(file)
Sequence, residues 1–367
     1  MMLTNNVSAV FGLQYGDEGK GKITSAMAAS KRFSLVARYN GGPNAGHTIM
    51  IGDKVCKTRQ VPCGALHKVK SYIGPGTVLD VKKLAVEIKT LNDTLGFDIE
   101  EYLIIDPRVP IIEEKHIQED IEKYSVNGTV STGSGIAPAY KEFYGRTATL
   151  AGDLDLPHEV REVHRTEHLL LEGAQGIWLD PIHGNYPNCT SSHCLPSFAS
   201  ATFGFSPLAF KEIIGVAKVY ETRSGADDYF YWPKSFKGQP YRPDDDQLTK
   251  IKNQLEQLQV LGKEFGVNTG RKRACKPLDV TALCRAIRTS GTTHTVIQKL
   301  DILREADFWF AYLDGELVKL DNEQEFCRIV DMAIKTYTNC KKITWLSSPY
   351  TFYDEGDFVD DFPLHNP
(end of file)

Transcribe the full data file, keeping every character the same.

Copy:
Sequence, residues 1–367
     1  MMLTNNVSAV FGLQYGDEGK GKITSAMAAS KRFSLVARYN GGPNAGHTIM
    51  IGDKVCKTRQ VPCGALHKVK SYIGPGTVLD VKKLAVEIKT LNDTLGFDIE
   101  EYLIIDPRVP IIEEKHIQED IEKYSVNGTV STGSGIAPAY KEFYGRTATL
   151  AGDLDLPHEV REVHRTEHLL LEGAQGIWLD PIHGNYPNCT SSHCLPSFAS
   201  ATFGFSPLAF KEIIGVAKVY ETRSGADDYF YWPKSFKGQP YRPDDDQLTK
   251  IKNQLEQLQV LGKEFGVNTG RKRACKPLDV TALCRAIRTS GTTHTVIQKL
   301  DILREADFWF AYLDGELVKL DNEQEFCRIV DMAIKTYTNC KKITWLSSPY
   351  TFYDEGDFVD DFPLHNP